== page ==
Mashing patterns

Mashing Patterns with Video!

Pattern Mashing

Hi! This is Amanda from MeadowSews and today I’m here to talk about mashing patterns. We’ll show you how to take elements from different patterns that you love and combine them together, or mash them, to create a new, unique, and fun custom garment!

 

New Horizons patterns come with many different options or views already.  But, the awesome thing about making your own clothes means you can not only pick and choose from those options, you can even incorporate ones you love from completely different patterns! 

For pattern mashing, you will want to have your pattern pieces from the two (or more!) patterns you are planning to mash printed out, assembled, and graded to size. We are going to lay one on top of the other and make a new pattern piece with the elements we want from each one! For this example, I am going to show you how to mash the top of the New Orleans tee, including the set in sleeve and crew neck, with the looser fit of the body of the Riviera Raglan!

 

Lining up your patterns

When you are laying your pattern pieces on top of each other, it is important to align them correctly so that the elements you want from each pattern will still fall in the right place on the new pattern piece and on the wearer. As a general rule, you will line up pattern pieces in places which will always stay in the same place when the garment is being worn. For tops I like to use the underarm point, and for pants or shorts I use the crotch curve. For skirts, you’ll want to see exactly where the skirt begins to flare out at the body, whether this is the natural waist, high hip, or somewhere in between, and use that! 


New Horizons drafts for a side waist of 8”, so this is a good point to start from with the pattern pieces, although for the best fit you’ll want to measure the wearer’s side waist and lengthen or shorten as needed!

Take care to ensure that the grain lines in the original patterns remain parallel while you’re making your new pattern! Many New Horizons pattern pieces are cut on the fold, but sleeves and asymmetrical pattern pieces are not, and it’s important to ensure that these don’t twist as you’re working.

 

There is a quick and easy way of cutting a new pattern, and a more thorough and methodical way that will allow you to more easily repeat a mash. I generally do the quick and easy way, but I will show you both ways so that you can see the advantages of each!

Quick and Easy Mash

For a quick and easy mash, lay both of your original pattern pieces out on your fabric and align them using the points above. I am aligning both of these front pattern pieces at the underarm point.

 

As you can see, the Riviera’s underarm point goes out further than the New Orleans tee, but since we are keeping the armscye of the New Orleans, we want to make sure not to change it! For this quick mash, I just fold up the bit of the Riviera that sticks out further than the New Orleans, and make sure that the fold forms a smooth transition.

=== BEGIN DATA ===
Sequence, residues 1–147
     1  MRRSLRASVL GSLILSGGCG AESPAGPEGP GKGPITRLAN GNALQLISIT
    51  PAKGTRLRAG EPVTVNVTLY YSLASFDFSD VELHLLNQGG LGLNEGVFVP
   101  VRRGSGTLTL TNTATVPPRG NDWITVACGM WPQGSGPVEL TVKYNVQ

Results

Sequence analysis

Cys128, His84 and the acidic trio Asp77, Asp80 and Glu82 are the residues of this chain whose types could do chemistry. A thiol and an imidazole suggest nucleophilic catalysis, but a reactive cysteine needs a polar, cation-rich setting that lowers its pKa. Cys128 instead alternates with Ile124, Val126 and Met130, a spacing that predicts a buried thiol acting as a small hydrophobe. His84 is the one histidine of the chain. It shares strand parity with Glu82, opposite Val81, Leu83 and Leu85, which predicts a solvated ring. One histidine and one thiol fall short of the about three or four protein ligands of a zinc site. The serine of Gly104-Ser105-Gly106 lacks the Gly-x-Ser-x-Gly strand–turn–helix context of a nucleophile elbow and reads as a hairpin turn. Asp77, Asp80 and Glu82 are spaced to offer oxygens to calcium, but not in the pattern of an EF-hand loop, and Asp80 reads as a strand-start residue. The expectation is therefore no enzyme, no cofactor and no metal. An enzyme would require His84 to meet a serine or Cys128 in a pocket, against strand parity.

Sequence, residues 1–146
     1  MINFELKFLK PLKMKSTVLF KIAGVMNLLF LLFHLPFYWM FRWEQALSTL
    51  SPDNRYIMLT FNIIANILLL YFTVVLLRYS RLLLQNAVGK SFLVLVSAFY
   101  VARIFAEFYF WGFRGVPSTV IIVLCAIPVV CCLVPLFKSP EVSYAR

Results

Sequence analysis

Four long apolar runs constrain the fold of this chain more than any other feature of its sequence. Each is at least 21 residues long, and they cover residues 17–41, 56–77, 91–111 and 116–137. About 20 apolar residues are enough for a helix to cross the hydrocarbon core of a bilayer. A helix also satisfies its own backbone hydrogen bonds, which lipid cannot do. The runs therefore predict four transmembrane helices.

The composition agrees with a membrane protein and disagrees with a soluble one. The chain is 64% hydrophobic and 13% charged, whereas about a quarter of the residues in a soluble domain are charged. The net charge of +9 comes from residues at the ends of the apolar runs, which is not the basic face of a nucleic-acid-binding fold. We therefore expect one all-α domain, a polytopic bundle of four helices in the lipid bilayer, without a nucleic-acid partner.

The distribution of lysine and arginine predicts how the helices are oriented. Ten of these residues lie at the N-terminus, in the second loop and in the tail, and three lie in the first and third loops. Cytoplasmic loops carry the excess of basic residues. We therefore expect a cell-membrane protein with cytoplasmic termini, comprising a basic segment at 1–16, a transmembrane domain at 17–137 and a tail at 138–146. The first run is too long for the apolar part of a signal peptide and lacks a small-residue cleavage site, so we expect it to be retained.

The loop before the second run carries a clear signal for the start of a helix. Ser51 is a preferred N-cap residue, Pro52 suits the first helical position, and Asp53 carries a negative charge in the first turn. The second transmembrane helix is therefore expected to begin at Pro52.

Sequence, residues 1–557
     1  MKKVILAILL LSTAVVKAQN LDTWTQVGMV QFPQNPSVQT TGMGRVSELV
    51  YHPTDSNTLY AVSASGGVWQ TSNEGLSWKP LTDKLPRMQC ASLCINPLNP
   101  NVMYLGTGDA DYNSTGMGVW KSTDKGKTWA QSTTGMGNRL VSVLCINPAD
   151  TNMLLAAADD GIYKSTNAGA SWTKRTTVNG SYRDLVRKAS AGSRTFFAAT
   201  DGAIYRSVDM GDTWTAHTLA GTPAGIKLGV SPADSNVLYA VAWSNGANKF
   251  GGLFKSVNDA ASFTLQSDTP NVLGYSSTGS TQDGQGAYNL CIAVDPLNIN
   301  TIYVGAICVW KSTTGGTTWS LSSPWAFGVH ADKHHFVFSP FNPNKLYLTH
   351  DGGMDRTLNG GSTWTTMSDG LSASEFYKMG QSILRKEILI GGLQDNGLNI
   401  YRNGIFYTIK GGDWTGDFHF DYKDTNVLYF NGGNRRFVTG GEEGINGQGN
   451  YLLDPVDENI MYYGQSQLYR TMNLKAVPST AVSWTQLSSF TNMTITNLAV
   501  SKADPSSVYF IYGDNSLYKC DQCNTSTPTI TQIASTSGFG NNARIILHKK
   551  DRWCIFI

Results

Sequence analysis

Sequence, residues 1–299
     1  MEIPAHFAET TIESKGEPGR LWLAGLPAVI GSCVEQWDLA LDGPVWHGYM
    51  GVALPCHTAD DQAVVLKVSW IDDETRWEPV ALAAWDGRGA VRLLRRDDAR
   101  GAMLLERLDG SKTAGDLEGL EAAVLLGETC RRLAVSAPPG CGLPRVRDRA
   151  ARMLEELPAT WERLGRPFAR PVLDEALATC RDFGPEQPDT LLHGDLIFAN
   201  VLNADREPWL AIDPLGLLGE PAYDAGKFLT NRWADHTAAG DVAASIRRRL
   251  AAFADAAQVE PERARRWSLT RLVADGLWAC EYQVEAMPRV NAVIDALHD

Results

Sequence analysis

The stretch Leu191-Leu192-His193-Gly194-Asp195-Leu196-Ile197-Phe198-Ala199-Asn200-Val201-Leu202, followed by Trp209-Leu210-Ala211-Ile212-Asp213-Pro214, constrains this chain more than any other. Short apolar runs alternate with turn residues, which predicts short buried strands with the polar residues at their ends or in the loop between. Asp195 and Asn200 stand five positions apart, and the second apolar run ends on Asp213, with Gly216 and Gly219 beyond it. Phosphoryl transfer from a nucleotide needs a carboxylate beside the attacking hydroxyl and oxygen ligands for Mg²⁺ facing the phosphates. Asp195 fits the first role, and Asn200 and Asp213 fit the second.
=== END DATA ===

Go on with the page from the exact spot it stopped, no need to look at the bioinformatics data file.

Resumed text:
Then cut the fabric according to the pattern piece corresponding to the element you want from each pattern! For this example, I would cut the top of the New Orleans tee to the armscye, transition to the Riviera, and then cut the bottom of the Riviera.

 

 

Make sure you cut the front and back with the transition line in the same place if you are mashing the body of a pattern. Then sew according to the directions for each pattern, and you have a new garment!

Creating a new pattern piece to use again!

For a more methodical and repeatable mash, you can create your own new pattern pieces! You’ll need a large sheet of paper to work on. You can use freezer paper, Swedish tracing paper, wrapping paper, or even regular printer paper taped together. I am using wrapping paper here as it was handy!

 

  

Trace your first original pattern piece onto your paper.

 

 Align your second pattern piece over the first one, matching a common point. Here I used the armscye. Make sure the grain line is also aligned, I used the fold for the patterns here, but you can also transfer the grain line markings to your traced pattern to be sure. 

 

 

Now use a third color to create your new pattern piece by tracing the elements you want from each pattern!

 

At the point where the patterns meet, use a very gentle and smooth curve to evenly transition from one pattern to the other. You’ll want a smooth line so that when you are sewing the seams, there will be a smooth curve and no edges or bumps that will stick out. 

 

Make a new pattern piece for the front and back of your mashed garment, if you’re mashing the body! If you’re not changing the sleeve piece, use the one that corresponds to the armhole of your new bodice piece. If you are mashing pants or shorts, use the waistband of the topmost original pattern. 

 

And now cut your fabric using your new pattern piece and sew according to the directions for each pattern!

More Mashup ideas!

There are a nearly infinite number of new patterns you can make by mashing patterns you love together! Here are some ideas to get you started!

 

The Marbella top with the Bourbon Street skirt!

The Cascade tee with the Pierside pencil skirt!

 

The Dublin Dolman with the Knoxville top!

 

The Maui tank top with the Bayside Romper shorts!

The Zenith Hoodie with the Deer Creek skirt!

Have you ever done pattern mashing before? Do you have any other ideas for patterns that would be great together? Please let us know below! 

We always enjoy seeing your wonderful work! Make sure to share your mashups in our Facebook group or on Instagram #newhorizonssewing

 

Happy Sewing!

You must be logged in to post a comment.